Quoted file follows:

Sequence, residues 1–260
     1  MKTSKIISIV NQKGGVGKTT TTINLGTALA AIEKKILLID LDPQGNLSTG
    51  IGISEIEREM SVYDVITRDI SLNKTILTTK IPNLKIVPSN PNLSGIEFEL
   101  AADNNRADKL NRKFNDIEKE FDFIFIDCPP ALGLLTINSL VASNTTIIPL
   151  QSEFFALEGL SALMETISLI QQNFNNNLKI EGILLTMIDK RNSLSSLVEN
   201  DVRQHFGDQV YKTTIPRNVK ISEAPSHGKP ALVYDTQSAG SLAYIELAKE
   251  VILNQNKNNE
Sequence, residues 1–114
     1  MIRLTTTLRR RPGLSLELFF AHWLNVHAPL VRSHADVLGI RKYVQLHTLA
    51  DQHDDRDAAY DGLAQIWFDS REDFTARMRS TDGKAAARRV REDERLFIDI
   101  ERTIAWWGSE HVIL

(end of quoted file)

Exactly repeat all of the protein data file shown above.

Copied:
Sequence, residues 1–260
     1  MKTSKIISIV NQKGGVGKTT TTINLGTALA AIEKKILLID LDPQGNLSTG
    51  IGISEIEREM SVYDVITRDI SLNKTILTTK IPNLKIVPSN PNLSGIEFEL
   101  AADNNRADKL NRKFNDIEKE FDFIFIDCPP ALGLLTINSL VASNTTIIPL
   151  QSEFFALEGL SALMETISLI QQNFNNNLKI EGILLTMIDK RNSLSSLVEN
   201  DVRQHFGDQV YKTTIPRNVK ISEAPSHGKP ALVYDTQSAG SLAYIELAKE
   251  VILNQNKNNE
Sequence, residues 1–114
     1  MIRLTTTLRR RPGLSLELFF AHWLNVHAPL VRSHADVLGI RKYVQLHTLA
    51  DQHDDRDAAY DGLAQIWFDS REDFTARMRS TDGKAAARRV REDERLFIDI
   101  ERTIAWWGSE HVIL